Publications / Property
As of 1 January 2012, bodies corporate and their committee members in Queensland may have to take further steps to protect workers from health and safety risks under the new Work Health and Safety Act 2011 (Qld) (WHSA), with significant penalties for failing to do so. In this article, Partner Cameron Dean and Senior Associate Alex Power look at when the new obligations will apply, and what steps body corporate committees should take to avoid the risk of penalties under the new legislation.
When does the WHSA apply?
The new WHSA regime applies to any person (which includes a body corporate) who carries out a business or undertaking in Queensland. The WHSA also places obligations on individual committee members of a body corporate in a personal capacity, requiring them to exercise due diligence in performing their functions on the committee and ensuring that the body corporate itself complies with the WHSA.
While the WHSA specifically excludes any body corporate from the legislation which is responsible for common areas used only for residential purposes, the exclusion does not apply if a worker is employed by the body corporate.
Accordingly, the committee of any body corporate which employs any workers, for example a gym operator, cleaner, restaurant staff or even a manager to run the day to day operations of the property, will need to become aware of the WHSA requirements and take steps to protect itself from liability.
What obligations are imposed?
The WHSA imposes a general duty to ensure, as far as is reasonably practicable, that the workplace is without risk to the health and safety of any person. This includes, among other things:
providing safe systems of work
providing information, training and supervision which may be necessary to ensure safety at work, and
ensuring that the health of workers and conditions of work are monitored for the purpose of preventing illness or injury.
The duty is broad, and will be breached by exposure of workers or anyone else to illness or injury caused by a failure of the committee to take some step which would have been reasonably practicable to have done in the circumstances, taking into account factors such as the likelihood of harm, the degree of harm likely to be suffered, the availability of mitigating steps and the cost of mitigation in proportion to the risk. The steps which should be taken will depend on the precise nature of the workplace encountered and therefore a risk assessment unique to the work environment in question should be carried out on a regular basis.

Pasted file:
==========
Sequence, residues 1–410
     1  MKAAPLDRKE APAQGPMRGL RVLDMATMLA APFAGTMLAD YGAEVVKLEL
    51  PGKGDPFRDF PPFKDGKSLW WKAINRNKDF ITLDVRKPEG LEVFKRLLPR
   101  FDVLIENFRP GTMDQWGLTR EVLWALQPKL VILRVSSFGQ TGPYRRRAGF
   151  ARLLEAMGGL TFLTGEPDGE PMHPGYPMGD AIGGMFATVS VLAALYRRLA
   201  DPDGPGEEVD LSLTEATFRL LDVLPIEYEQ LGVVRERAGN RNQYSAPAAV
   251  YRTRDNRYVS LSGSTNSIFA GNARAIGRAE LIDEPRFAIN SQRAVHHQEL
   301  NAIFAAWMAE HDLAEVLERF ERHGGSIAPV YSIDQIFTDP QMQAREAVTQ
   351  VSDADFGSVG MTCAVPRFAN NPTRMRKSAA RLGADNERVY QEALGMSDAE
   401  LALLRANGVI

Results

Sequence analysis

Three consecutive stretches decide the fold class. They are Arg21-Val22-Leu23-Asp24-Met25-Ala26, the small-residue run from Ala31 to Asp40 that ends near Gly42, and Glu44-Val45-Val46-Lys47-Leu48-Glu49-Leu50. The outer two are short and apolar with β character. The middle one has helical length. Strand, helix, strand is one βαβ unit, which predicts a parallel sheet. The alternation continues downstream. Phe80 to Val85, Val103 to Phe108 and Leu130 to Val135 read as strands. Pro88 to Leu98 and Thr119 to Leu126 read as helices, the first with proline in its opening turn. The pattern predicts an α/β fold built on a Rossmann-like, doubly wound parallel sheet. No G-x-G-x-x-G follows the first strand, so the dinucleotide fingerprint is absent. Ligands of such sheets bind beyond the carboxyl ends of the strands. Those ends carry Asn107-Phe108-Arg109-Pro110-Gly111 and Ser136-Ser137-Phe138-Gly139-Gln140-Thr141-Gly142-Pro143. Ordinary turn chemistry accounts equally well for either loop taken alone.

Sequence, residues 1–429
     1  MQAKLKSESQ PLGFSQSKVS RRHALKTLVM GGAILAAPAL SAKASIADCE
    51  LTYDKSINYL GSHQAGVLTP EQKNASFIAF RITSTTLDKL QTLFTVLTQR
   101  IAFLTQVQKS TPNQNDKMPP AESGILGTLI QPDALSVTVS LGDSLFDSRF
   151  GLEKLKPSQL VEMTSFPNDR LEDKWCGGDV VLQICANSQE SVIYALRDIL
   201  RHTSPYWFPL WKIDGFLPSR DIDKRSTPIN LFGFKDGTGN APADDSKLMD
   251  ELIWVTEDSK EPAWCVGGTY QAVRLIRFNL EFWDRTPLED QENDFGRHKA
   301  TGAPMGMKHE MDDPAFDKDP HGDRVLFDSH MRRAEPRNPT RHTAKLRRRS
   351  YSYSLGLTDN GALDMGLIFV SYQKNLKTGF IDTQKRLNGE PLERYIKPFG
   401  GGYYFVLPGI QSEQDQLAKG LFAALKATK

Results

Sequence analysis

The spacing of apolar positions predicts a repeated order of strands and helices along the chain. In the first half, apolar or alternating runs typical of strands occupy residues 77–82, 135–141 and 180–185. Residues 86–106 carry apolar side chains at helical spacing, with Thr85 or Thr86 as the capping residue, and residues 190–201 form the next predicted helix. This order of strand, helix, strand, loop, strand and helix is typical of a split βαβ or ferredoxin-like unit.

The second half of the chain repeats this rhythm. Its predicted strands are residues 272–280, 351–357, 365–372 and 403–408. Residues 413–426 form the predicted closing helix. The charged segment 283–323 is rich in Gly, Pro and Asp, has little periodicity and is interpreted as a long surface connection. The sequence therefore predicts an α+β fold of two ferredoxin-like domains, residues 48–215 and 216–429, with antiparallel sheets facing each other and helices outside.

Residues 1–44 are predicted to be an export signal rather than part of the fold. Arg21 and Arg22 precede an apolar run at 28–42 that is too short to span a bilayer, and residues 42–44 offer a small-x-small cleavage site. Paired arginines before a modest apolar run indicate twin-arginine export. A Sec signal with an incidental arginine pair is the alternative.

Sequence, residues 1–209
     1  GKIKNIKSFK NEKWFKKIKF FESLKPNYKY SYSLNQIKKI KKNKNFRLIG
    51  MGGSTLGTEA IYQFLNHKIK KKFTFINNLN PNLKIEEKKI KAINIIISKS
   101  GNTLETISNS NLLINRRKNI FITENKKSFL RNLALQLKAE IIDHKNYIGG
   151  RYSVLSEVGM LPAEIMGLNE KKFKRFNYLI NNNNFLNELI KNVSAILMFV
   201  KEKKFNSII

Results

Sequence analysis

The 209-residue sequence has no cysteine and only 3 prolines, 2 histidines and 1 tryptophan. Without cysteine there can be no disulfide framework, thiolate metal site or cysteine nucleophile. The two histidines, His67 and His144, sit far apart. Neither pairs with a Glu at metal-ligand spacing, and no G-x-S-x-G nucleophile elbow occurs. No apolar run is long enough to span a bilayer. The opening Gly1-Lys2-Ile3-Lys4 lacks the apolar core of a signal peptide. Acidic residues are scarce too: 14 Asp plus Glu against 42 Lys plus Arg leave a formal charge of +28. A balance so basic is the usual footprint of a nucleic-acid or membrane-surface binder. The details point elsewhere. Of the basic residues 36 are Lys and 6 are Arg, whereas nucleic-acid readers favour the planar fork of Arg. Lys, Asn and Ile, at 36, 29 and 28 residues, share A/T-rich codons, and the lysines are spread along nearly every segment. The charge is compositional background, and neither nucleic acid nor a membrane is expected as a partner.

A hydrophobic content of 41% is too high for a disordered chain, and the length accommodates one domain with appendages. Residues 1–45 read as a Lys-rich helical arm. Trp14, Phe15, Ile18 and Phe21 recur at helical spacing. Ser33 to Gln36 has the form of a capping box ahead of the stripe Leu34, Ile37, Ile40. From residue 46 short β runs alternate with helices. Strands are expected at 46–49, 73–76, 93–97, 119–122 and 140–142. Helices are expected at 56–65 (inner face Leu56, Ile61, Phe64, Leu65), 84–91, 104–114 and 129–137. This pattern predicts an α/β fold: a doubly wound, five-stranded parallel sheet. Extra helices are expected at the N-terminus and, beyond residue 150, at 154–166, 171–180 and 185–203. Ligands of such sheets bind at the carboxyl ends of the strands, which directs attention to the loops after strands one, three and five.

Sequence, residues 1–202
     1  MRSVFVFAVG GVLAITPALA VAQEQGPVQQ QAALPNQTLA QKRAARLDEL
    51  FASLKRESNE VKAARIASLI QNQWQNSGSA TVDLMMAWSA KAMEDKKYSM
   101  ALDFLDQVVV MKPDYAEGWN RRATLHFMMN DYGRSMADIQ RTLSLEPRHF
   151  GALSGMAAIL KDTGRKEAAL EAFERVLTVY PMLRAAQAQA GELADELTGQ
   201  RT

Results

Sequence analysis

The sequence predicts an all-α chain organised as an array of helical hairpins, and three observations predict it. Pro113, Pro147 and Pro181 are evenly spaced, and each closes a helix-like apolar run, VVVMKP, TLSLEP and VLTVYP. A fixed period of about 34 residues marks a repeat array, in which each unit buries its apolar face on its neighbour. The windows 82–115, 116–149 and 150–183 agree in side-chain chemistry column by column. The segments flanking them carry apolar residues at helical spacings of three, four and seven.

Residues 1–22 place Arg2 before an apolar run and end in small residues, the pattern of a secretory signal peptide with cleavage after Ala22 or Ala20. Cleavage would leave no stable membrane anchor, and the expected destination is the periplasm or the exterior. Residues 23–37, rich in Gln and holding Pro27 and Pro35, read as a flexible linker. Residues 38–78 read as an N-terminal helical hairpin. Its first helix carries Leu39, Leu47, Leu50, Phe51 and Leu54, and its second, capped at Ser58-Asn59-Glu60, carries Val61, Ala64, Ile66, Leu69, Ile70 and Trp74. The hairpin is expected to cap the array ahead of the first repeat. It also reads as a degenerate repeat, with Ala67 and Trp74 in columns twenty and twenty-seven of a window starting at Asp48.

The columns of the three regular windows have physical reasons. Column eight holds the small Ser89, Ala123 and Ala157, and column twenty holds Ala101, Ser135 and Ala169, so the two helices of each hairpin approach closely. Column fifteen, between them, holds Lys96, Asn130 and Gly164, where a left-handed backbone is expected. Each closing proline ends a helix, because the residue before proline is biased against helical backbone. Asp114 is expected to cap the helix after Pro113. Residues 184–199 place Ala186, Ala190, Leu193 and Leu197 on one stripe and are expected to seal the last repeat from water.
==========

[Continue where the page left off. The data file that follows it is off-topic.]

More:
What steps should be taken by committee members to protect themselves personally?
It is important to note that the provisions of the WHSA do not differentiate between volunteers and professional body corporate committee members. As such, committee members of all levels should take organised and deliberate steps to protect themselves from the potentially large penalties (up to $600,000 or five years imprisonment). To comply with their personal obligations, committee members of a body corporate should:
acquire and keep up-to-date knowledge of work health and safety matters
gain an understanding of the nature of the operations of the business or undertaking of the person conducting the business or undertaking and generally of the hazards and risks associated with those operations
ensure that appropriate resources and processes are available to eliminate or minimise risks to health and safety from work carried out, and verify these are provided and used
ensure that appropriate processes for receiving and considering information regarding incidents, hazards and risks and responding in a timely way to that information are established, and verify that this is used, and
ensure there is a process in place for compliance by the body corporate of its statutory health and safety obligations, and verify this is used.
Although these steps provide a guideline, the actions that will constitute due diligence will ultimately turn upon the nature of the workplace involved and the other factors at play.
While there have always been general requirements to exercise a duty of care in undertaking body corporate functions, the new scheme set up by the WHSA extends the reach of penalties for individual committee members who fail to meet their obligations. As the obligations placed on bodies corporate and their committees will differ according to the nature of the premises and activities undertaken, it is essential that those responsible become informed about health and safety issues and ways to mitigate them.
As the WHSA is already in operation, it is essential that these steps are taken immediately and that if necessary, tailored legal advice is sought regarding specific situations.
Focus covers legal and technical issues in a general way. It is not designed to express opinions on specific cases. Focus is intended for information purposes only and should not be regarded as legal advice. Further advice should be obtained before taking action on any issue dealt with in this publication.